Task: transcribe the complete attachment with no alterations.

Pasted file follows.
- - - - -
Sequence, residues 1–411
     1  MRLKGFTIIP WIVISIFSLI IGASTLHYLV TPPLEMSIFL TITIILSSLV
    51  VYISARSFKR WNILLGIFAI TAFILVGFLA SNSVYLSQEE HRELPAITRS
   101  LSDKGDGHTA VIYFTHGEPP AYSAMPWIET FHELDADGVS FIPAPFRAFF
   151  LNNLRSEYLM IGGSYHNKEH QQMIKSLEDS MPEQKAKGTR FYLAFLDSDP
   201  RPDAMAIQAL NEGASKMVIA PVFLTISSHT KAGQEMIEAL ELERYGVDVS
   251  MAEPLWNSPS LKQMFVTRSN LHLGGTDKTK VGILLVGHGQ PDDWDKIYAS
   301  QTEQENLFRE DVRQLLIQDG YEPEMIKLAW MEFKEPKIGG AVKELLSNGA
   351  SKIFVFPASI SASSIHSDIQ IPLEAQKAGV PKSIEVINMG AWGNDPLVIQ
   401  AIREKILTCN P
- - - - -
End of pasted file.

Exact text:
Sequence, residues 1–411
     1  MRLKGFTIIP WIVISIFSLI IGASTLHYLV TPPLEMSIFL TITIILSSLV
    51  VYISARSFKR WNILLGIFAI TAFILVGFLA SNSVYLSQEE HRELPAITRS
   101  LSDKGDGHTA VIYFTHGEPP AYSAMPWIET FHELDADGVS FIPAPFRAFF
   151  LNNLRSEYLM IGGSYHNKEH QQMIKSLEDS MPEQKAKGTR FYLAFLDSDP
   201  RPDAMAIQAL NEGASKMVIA PVFLTISSHT KAGQEMIEAL ELERYGVDVS
   251  MAEPLWNSPS LKQMFVTRSN LHLGGTDKTK VGILLVGHGQ PDDWDKIYAS
   301  QTEQENLFRE DVRQLLIQDG YEPEMIKLAW MEFKEPKIGG AVKELLSNGA
   351  SKIFVFPASI SASSIHSDIQ IPLEAQKAGV PKSIEVINMG AWGNDPLVIQ
   401  AIREKILTCN P